In the same way that you can predict that it will rain when the sky is darkened by large clouds, you can also predict a turn in the price.
Price moves as a result of supply and demand and there is always a reason for every price movement, sometimes this cause of movement leaves clues that we can see, tracks that we can follow, or warning signs that we can identify. Other times, the cause of the movement leaves no trace and it is absolutely undetectable. Support and resistance lines are easy to spot and easy to trade.
We are going to see some tricks that will help us guess the direction the price will take.
What is support and resistance in technical analysis?
Support lines in trading
Support is a price zone below the current price, in which the buying force is expected to exceed the selling force. If the strength of demand exceeds the strength of supply, the downward trend will be slowed and therefore the price will rebound.
The market understood as the will of millions of investors, considers that it is a low price level, which is attractive, so when the price reaches that value, purchases skyrocket.
Typically, support corresponds to a previously reached low.
Resistance lines in trading
Resistance is the opposite of support. It is an area above the current price in which the sales force will exceed the buying force. If the force of supply exceeds the force of demand, the uptrend will be weakened, and therefore the price will be rejected from the resistance line.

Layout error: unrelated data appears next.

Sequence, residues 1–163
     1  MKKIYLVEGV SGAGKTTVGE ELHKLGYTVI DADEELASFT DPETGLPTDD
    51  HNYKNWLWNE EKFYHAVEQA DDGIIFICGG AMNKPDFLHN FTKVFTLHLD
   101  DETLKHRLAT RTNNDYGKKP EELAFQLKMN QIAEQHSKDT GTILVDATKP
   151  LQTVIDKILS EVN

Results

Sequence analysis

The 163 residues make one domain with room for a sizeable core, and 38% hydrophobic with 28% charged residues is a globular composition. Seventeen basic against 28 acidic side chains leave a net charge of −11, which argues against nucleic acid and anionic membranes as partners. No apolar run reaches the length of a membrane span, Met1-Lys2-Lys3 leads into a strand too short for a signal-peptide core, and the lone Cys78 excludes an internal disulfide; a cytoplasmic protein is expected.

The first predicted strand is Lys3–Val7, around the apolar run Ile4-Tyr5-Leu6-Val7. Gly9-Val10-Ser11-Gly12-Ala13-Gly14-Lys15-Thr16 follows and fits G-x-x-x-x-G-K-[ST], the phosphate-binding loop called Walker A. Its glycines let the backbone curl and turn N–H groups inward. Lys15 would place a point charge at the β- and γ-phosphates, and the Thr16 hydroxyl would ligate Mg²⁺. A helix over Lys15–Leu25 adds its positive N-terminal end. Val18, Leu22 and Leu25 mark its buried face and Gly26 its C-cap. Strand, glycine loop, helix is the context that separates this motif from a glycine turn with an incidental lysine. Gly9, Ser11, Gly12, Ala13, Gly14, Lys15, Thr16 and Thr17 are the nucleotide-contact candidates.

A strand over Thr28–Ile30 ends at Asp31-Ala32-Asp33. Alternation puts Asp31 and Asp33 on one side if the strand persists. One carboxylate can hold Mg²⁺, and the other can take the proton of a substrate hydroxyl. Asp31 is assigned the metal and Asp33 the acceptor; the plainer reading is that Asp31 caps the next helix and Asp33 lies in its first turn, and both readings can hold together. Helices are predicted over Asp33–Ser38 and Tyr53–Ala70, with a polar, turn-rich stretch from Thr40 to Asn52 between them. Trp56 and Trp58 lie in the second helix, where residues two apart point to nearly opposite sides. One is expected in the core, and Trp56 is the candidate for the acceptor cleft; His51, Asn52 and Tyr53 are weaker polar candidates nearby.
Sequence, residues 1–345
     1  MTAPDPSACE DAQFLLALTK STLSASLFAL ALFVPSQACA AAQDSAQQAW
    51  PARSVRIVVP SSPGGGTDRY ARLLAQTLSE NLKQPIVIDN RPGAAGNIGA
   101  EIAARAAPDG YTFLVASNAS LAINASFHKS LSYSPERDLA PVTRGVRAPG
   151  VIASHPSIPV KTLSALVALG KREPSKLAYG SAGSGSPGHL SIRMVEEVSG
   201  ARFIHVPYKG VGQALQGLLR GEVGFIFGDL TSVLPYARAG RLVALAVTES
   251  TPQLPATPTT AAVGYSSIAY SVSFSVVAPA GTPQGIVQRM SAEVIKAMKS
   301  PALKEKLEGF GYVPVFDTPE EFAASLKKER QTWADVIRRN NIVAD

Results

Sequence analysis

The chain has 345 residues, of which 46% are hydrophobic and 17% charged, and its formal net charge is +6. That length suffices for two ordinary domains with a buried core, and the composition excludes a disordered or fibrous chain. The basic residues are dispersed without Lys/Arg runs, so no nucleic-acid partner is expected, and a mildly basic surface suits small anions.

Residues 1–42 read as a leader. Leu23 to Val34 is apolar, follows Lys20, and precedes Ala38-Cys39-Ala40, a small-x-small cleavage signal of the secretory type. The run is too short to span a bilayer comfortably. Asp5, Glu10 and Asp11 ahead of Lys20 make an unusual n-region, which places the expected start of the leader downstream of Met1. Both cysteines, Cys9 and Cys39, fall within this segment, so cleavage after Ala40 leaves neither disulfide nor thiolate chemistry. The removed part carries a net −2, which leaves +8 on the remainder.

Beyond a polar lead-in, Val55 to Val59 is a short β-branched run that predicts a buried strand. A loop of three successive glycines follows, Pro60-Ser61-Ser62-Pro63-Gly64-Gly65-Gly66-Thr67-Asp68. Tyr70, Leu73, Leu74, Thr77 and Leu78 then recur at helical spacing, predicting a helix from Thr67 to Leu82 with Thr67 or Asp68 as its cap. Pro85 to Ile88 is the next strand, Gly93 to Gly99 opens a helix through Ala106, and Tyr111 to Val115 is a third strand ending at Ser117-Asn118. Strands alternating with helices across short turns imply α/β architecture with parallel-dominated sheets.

The market considers it to be a high, an unattractive price level, so when the price reaches that value, sales skyrocket. Resistances are commonly identified on a chart as previous highs reached by the quote.
How to trade support and resistance levels?
We can affirm that supports and resistances generate very useful operating guidelines for trading. In fact, it would be much more difficult to make money in the markets if it were not for the existence of these levels.
Most trading systems or strategies take into account support and resistance to open and close positions. Although the methodology with which they are analyzed and operated is highly variable. In general, in the vicinity of support or resistance, we should not operate. If we have an open position, and the market movement brings the price closer to a support or resistance, we should consider closing the position once we are closer to it. If we are considering opening a position, we should wait until the support or resistance has been traded.
It’s very hard to determine if the price will break or bounce when one of these lines are touched. There is a combination of indicators and patterns that we can use to determine that. For example, using Japanese candlesticks we can find patterns that will show us possible changes in trend, fake breakouts, real breakouts, etc.
There are indicators like the MACD that can give us some tips and show a weakening in the trend that can cause a reversal or rejection once we are closer of resistance and supports.
Find out how MACD works: